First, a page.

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Aloha!

I love the thinking here.

To build on it, I wonder how might we make it super simple for folks to contribute to big data analysis in ways that generate income.

One gift of big data is the ability to cross reference billions of rows of data in seconds, right?

What if we polled the world about their happiness today? Then cross referenced their level of happiness with the loads of data we have about a local area (weather, employment, income, access to education, access to resources, products and services).

Perhaps selling these new insights could generate enough revenue to economically incentivize people to participate.

Felipe, excellent questions.

Based on my observations and conversations, one simple guess as to "why were youth bored in Ghana?" is nothing to do at night.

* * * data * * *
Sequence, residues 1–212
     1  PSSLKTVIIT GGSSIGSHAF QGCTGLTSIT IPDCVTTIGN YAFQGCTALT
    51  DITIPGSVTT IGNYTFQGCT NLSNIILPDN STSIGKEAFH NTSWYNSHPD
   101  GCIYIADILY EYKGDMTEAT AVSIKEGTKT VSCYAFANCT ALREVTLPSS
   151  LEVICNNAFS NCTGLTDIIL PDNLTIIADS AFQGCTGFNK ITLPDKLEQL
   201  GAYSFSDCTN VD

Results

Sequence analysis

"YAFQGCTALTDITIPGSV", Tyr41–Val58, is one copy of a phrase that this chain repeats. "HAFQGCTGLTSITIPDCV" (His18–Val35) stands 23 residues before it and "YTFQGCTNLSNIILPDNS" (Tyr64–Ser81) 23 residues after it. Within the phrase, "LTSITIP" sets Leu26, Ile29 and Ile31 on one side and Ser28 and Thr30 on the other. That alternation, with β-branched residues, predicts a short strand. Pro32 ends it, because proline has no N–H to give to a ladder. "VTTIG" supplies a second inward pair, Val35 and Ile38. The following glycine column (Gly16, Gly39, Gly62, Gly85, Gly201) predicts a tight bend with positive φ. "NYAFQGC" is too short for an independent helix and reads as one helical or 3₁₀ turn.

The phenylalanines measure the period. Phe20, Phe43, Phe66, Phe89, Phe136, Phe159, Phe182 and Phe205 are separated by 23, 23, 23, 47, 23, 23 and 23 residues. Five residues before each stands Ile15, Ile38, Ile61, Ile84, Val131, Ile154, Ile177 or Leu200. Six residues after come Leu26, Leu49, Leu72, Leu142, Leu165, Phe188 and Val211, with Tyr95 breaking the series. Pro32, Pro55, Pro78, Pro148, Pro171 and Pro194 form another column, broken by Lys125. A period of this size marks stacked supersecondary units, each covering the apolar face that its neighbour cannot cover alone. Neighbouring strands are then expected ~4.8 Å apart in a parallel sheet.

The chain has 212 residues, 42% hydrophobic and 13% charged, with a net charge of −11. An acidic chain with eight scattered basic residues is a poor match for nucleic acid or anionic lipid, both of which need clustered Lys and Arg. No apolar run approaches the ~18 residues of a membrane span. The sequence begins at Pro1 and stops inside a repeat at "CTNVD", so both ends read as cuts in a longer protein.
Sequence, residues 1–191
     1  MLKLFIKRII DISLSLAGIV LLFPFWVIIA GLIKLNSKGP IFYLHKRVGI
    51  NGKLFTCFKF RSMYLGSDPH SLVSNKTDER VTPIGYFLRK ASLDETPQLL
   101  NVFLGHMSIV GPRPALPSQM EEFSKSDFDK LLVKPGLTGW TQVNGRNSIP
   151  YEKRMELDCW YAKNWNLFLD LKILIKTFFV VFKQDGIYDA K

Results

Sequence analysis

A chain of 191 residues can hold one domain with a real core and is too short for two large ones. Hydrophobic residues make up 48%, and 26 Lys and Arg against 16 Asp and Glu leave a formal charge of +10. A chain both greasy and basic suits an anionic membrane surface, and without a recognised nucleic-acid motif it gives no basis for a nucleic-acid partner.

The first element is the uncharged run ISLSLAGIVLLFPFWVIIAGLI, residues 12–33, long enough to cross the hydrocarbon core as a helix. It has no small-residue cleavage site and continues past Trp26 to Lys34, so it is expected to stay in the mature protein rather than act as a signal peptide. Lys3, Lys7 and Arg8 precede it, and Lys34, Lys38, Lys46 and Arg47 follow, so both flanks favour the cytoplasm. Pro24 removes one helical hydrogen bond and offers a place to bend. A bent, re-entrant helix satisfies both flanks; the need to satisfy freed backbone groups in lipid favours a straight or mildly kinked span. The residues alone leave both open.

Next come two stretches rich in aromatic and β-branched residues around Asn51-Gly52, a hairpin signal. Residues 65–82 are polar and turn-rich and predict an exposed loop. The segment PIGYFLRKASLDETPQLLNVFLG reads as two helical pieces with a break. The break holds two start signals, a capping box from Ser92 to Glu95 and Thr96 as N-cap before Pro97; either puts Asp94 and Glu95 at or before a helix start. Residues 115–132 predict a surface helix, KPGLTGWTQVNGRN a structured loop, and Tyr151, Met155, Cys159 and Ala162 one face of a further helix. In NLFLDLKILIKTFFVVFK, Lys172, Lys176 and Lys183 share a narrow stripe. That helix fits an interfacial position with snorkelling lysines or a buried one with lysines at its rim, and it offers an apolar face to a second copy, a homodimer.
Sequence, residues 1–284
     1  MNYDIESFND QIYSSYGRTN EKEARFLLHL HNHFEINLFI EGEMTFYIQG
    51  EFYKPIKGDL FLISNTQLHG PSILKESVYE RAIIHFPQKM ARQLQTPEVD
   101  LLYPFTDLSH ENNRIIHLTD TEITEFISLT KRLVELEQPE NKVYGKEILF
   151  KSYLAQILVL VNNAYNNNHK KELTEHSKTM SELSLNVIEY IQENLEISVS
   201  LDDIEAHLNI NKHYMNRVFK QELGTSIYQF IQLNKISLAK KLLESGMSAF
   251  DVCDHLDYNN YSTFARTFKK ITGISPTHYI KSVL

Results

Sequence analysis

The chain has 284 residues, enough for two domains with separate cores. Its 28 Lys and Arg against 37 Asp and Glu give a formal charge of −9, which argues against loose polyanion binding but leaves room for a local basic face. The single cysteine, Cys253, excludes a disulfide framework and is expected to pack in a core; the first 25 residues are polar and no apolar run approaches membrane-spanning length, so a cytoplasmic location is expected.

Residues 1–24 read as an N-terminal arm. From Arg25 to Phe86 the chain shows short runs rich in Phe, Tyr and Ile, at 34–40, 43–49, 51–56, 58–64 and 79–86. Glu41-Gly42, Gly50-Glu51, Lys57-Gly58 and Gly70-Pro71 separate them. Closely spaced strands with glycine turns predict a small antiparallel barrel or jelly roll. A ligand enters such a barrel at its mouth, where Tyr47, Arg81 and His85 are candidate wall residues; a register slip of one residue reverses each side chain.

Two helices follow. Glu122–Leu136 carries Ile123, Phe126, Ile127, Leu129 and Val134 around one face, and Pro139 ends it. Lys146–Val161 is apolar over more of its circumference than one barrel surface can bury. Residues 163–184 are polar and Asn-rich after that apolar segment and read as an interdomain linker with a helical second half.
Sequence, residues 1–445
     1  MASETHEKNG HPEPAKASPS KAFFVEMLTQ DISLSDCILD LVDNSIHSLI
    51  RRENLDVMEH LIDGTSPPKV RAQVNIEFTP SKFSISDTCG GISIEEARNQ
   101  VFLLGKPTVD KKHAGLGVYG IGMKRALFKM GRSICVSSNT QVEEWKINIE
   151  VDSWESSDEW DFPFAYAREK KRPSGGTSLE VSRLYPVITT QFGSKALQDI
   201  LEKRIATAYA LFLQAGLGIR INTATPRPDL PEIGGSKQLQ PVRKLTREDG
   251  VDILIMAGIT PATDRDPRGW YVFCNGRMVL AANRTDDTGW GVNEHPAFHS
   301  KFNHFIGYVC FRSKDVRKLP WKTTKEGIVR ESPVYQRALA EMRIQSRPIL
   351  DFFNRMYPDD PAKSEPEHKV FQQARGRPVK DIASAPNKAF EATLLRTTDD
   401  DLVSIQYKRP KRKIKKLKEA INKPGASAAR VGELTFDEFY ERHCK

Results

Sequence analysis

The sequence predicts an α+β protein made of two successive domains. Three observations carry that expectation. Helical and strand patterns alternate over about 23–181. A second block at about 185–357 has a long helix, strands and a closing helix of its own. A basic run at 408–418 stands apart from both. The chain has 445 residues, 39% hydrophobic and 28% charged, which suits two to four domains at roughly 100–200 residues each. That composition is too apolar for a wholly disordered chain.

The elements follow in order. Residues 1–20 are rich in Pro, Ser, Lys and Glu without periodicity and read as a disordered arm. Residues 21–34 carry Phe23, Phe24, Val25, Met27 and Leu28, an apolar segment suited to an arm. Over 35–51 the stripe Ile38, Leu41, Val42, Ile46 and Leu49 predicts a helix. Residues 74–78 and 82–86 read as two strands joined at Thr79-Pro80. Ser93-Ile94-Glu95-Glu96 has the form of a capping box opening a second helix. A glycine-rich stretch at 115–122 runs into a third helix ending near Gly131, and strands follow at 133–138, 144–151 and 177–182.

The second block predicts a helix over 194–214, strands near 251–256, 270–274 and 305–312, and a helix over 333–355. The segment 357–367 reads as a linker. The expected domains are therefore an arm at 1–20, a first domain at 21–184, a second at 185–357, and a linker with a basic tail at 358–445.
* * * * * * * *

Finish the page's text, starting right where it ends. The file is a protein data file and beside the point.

Here are more specific observations:

The youth I interviewed lived in a peri-urban town of ~2,000 people. This town is located 3-hour drive via dirt road from Ghanaian capital of Accra. Here, many young people worked in farming. At night folks had electricity in their homes, but no TVs or computers. One dirt road runs through town, but walking that street at night showed no signs of engaging actives for youth.

That said, everyone had feature phones (simple mobile phones). This raised the question for me, "How might we transform feature phones into libraries? Versions of Netflix? And, can we co-create the content in ways that create economic opportunity for young people?"